>>>>> "FWH" == Fred Wilson Horch <[EMAIL PROTECTED]> writes:

    FWH> But it would be nice to hear what Guido thinks, and what
    FWH> Digital Creation thinks.

I won't speak on behalf of DC, but I'll bet Guido is pretty tired of
talking about it. :)

    FWH> Knowing that the copyright holders have made a conscious
    FWH> decision not to allow developers to obtain Python and Zope
    FWH> under the terms of the GPL in the belief that this allows
    FWH> people to do "whatever they want" with it does help us
    FWH> evaluate the long-term prospects for these systems in the
    FWH> marketplace.

I'm not sure what point you're making.

With respect to Python, the issue has been hashed to death over in
c.l.py and other forums, so I think this will be my last post on the
subject here.  IMO, the Python 2.0.1 license is the best of all
possible worlds.  In the words of the FSF themselves:

The License of Python 2.0.1, 2.1.1, and newer versions. 
      This is a free software license and is compatible with the GNU GPL.

Dual licensing (a la Perl) has practical problems, which have been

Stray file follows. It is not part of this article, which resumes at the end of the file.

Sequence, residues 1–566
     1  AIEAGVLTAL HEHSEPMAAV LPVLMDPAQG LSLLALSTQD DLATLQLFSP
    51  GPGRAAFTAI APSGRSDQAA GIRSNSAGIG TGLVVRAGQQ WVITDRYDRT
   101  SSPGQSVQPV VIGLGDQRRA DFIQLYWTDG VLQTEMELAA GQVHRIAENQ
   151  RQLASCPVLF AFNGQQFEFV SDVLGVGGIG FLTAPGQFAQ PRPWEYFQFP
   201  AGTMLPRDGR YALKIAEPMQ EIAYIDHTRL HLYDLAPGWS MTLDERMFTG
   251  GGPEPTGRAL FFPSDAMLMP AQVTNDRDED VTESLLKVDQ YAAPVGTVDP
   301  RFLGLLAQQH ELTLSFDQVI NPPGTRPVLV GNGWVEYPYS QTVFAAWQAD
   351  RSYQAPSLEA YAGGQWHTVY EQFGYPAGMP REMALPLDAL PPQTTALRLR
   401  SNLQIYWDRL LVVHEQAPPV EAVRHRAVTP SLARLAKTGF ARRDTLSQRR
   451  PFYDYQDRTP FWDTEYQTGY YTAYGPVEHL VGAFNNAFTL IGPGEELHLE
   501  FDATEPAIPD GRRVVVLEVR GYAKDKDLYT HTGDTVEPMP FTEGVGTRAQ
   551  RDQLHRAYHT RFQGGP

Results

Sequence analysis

raised in other forums, and you really want to avoid it if possible.
Python 2.0.1's license allows Python to be linked with GPL'd software
such as GNU readline.  I don't see what advantages "allowing
developers to obtain Python [...] under the terms of the GPL" would
provide above and beyond that.  Guido (and now, really the PSF) is
clearly not concerned about freeloaders taking of Python and not
contributing back, which is about the only additional thing a GPL
release of Python could prevent.

Any Python module or extension you write can now be legally released
under the GPL and linked with Python.  So if you feel that the GPL
affords your code useful benefits and protections, you now have that
option, whereas under Python 1.6, 2.0, or 2.1 you didn't.


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